down vest
wool socks
extra pair wool socks

No your list looks pretty good to get started again. There isn't a bunch of redundant stuff which is the key to being light.
I'll bet that your shell is really heavy, thats on place that new gear has gotten lighter. A puffy coat instead of the fleece and vest, but don't worry about it, go tramping.

For most people the clothes are not the heavy part of the pack, its the tent sleeping bag and the back pack itself.

I would like to know what other gear you have currently?
Also how experinced were you back in the day when you backpacked?

The first place i would start is with shelter and sleeping bag. Shelter weights have gotten so much lighter in even the last few years. Silicon impregnated nylon is your friend.

Do you have a good down sleeping bag? If not thats what i would buy, suck it up save the cash and buy a nice light warm down bag once instead of buying a cheap bag then regretting it then buying a nice one.

If you want you can get some pretty tough ul gear. I beat the tar out of my backpack bushwacking and climbing. Spent 4 months in asia throwing it on roofs of buses and giving to airport porters. It is over 5 years old and still going strong.

The thing that weights most people down are the little do-dads and random nice to haves. Don't buy the cute little things from REI, you don't need them, and you just waste money and pounds your back.

My last piece of advice is buy a new pack last after you know how small you can go.

Go light it is way more fun.

Mark Verber
(verber) - MLife

Locale: San Francisco Bay Area
Re: trying to understand backpacking light on 12/11/2009 18:05:05 MST Print View

> I take it one can backpack light now because of advances in gear technology

The new materials make it easier for people to go light weight... but 10lb base weights have been possible for years. Today the skill level for light weight is a lower and comfort is higher for a given weight. The only commonly used material that hasn't significantly improved is down... though there are materials like aerogel which demonstrate that there are materials which provide significantly more insulation / weight than down.

> Are there any compromises in "backpacking light"?

Of is filled with compromises. In moderate conditions I think the compromises are pretty minimal.

> Clothing example...

Could you use your existing list? Sure. Can it be lightened? Yup. Should you? Depends. If your shell is a bombproof 28oz parka like mine was... switch. If it's light weight you might spend your time/money improving other things. I like the dri ducks which are 6oz and less than $20 and I have found to be more breathable that my old gore-tex jacket.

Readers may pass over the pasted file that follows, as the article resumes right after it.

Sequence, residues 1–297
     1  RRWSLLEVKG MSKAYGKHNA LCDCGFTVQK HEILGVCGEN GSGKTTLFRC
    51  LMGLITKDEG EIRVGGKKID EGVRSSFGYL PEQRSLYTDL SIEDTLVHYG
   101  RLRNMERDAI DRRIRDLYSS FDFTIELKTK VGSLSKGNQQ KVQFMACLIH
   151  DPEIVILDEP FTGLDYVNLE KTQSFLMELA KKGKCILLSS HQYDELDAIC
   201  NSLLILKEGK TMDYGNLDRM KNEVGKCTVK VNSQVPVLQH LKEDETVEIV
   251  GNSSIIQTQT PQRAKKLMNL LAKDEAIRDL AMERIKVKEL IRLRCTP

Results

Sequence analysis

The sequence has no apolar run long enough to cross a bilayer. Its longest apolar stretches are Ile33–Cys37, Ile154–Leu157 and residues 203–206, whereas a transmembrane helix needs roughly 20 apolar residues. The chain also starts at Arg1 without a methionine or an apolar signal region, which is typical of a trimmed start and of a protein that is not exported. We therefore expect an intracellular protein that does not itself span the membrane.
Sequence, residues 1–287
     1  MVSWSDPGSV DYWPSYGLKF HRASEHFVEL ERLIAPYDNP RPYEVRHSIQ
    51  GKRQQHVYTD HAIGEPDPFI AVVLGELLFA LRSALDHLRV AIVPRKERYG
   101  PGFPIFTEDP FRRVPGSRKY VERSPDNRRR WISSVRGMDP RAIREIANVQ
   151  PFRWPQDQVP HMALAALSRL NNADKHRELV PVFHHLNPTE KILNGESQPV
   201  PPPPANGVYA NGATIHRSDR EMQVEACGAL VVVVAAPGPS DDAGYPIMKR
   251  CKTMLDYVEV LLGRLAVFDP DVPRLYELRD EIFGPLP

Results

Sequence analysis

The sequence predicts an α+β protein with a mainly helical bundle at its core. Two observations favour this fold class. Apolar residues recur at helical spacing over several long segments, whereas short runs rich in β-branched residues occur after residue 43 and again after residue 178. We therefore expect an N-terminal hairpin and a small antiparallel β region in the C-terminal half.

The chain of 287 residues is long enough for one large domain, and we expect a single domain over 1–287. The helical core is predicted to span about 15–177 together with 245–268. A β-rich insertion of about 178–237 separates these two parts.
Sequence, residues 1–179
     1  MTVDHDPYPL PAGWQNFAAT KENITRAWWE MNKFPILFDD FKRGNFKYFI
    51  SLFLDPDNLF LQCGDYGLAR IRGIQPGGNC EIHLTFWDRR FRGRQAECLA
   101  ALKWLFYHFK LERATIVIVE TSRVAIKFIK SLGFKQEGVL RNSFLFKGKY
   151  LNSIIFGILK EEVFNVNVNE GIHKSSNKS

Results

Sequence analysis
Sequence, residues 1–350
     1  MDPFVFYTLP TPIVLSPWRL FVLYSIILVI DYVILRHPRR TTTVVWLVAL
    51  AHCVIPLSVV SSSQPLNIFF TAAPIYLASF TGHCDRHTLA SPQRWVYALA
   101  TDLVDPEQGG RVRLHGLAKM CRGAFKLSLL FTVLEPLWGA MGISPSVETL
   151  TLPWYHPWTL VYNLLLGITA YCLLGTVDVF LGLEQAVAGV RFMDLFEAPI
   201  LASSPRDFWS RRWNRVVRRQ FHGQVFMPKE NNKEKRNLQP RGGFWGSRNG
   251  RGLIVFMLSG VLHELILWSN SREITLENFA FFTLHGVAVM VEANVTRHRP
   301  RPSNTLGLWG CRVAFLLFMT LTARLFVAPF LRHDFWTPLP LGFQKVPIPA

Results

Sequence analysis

If the low is 30F... especially if that is the nighttime low when you are inside your sleeping bag then I would question if a 300wt fleece and a down vest and needed. I have found that a shirt, 4oz down vest, shell, and warm hat have been plenty. Maybe you could just leave the fleece behind and be warm enough.


Doing trips with kids don't require going heavy-weight. First, it's always good to have the kids' pitch in even if they aren't old enough to carry all their stuff. From an early age my daughter carried her clothing is entertainment. As shoe got bigger (and had a backpack with sufficent volume) she carried her sleeping bag and sleeping pad. I still carry most of the shared items... but that's isn't too bad. For example, I have carried a 24oz pyramid tarp which provided plenty of shelter for myself and two kids.

There are lots of good resources around. Enjoy.


Edited by verber on 12/11/2009 18:07:30 MST.

not myrealname
(icthy) - F

Locale: CO Front Range
thanksg on 12/11/2009 19:31:29 MST Print View

Thanks everyone. I guess I need to look through my gear and come up with a list.

Regarding my experience, I've done 4 or 5 summer week-long backpacking trips in cooler mtn climes (brooks' range, Canadian Rockies, Wind Rivers, Glacier,...). I've done a little snow camping, and a fair amount of day hiking in the Cascades. I've bushwacked a bit, could use a compass pretty well (although it's been awhile), but haven't really been out too much in the last 6 years (kids plus job).

It'll take a couple of weeks, but I'll try and get a list posted. One thing I know I need is a new sleeping bag, since my 15 year-old synthetic bag is feeling rather chilly these days.

Steve S
(idahosteve) - F

Locale: Idaho
learning light on 12/15/2009 07:56:47 MST Print View

I know that as a well traveled and experienced climber and backpacker, I was just blown away when I bought a postage scale and started weighing all my cool and "light" climbing gear! It was the biggest eye opener to me! My gear was heavy! Even the "name" brand stuff was way overkill for what I needed. Its a good way to start learning and piecing the needs vs. the wants or haves.
FYI, you can get a superb scale on ebay for less than 20$ including shipping. I started weighing all my stuff, and made a basic spreadsheet, and then the playing with numbers began. You can create a complete virtual gear list, with weights, prices for items to buy etc. Pretty fun way to pass the winter days waiting for the sun to come back out. Have fun! Learn a ton, and then get out there! My kids are loving the lighter packs and less gear. They are motivated to go packing now.